-The same treatment can work as both a nocebo and a placebo. Experimenters gave subjects who believed they were allergic to various foods an injection they were told contained the allergen. It was only salt water, but it produced allergic symptoms in many of them.
Then the experimenters injected salt water again, this time saying it would neutralize the effect of the previous injection — and in many cases it did.
-An active drug has more nocebo power than a mere sugar pill. In one study, experimental subjects were divided into four groups. The first was given a muscle relaxant, described correctly; the second group was given the same muscle relaxant but told it was a stimulant; the third group received a sugar pill described as a muscle relaxant, and the fourth received the same inert pill described as a stimulant. To no one’s surprise, subjects who thought the pill was a stimulant were more likely to say they felt tense.
But the muscle relaxant caused more reports of tension when described as a stimulant than the sugar pill did. Blood levels of the muscle relaxant were lower in people told it was a stimulant than in those told the truth. They may have absorbed less of the drug because the false information activated the sympathetic nervous system, which slows down movements of the intestinal tract.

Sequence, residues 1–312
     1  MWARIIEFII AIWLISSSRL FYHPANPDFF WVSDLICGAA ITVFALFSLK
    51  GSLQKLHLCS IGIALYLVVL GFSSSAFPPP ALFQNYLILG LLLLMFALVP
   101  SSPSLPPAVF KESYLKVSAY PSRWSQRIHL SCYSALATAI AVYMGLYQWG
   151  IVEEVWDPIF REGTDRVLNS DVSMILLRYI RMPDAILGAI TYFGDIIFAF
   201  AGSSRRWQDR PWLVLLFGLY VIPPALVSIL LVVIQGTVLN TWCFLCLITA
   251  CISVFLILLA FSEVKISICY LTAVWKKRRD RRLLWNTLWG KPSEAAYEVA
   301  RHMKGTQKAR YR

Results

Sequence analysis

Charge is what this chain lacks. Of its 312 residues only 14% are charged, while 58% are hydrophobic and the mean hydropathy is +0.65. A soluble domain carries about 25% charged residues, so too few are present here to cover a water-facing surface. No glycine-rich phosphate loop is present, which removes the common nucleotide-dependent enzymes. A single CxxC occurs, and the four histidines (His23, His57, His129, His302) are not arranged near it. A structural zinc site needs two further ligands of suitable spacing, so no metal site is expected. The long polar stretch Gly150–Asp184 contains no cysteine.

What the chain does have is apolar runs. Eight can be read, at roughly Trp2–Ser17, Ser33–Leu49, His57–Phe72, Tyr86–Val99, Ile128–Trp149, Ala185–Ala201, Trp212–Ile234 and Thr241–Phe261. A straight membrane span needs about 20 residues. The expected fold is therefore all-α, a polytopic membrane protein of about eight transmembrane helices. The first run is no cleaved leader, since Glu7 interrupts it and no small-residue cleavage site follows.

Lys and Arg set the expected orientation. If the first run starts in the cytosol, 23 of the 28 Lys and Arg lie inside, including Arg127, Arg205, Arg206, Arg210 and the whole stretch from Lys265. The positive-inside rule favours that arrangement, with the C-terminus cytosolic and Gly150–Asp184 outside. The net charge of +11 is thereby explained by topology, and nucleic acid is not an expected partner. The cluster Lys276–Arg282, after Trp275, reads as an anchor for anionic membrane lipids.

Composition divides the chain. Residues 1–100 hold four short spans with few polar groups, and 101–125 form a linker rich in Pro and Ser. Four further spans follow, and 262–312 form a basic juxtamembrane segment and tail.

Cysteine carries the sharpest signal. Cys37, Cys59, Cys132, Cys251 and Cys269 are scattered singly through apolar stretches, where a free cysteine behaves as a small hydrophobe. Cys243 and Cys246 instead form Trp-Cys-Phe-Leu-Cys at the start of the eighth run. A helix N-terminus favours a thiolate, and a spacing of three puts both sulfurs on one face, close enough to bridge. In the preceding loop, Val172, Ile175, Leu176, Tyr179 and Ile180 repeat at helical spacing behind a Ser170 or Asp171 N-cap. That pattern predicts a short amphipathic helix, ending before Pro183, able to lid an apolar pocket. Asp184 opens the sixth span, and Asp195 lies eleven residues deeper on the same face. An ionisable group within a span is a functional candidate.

(The above is excerpted from the aforementioned 2014 Harvard Medical School blog post)
Placebo heals, nocebo harms
Have you ever said, “I know I’m going to get sick” and you got sick? Words and thoughts are powerful expressions. You can utilize this power to harm or to please. The choice is yours.
Maybe if we all start consciously making collective efforts to be more positive we can diminish the nocebo effect. Our thoughts can make us well and they can make us sick.
I bet you’re beginning to wonder just how effective placebos can be at this point. Well at least 1 out of 3 people in clinical trials experience a placebo effect. This is quite impressive.
A 2014 study published in Science Translational Medicine informed participants that they were getting a placebo to treat their migraines.
Half of those in the placebo group experienced relief. A lot of times, placebos perform just as well if not better than the drug being tested. With stats like that why aren’t we passing out more sugar pills? Are you ready to experience the placebo effect? Instead of taking a fake pill, consciously make decisions every day to adapt new rituals that align with your health goals, and put yourself into a positive mindframe regardless of what’s going on around you.
Creating a “placebo” friendly mindset and routine
Stretch and meditate every day for 30 minutes. Agree to take this time to focus on deep breathing. Ground yourself, focus on your posture, and allow energy to flow freely through you in whatever way you see fit.
Make breathing and movement a priority in whatever ways benefit you the most.
These acts of self love boost your immune system.
What’s going on physically in your body is of the utmost importance, but your mindset and lifestyle may be just as important.
It comes down to the routine, the care given and received. The agreement that you make with your body, the power of your mind and the intention placed into the actions carried out.
Choose a healthy lifestyle, confidence and a strong mind (“placebo effect”) over excess fear, rumination and obsessiveness (the “nocebo” effect), and your health will benefit in more ways than you could ever imagine.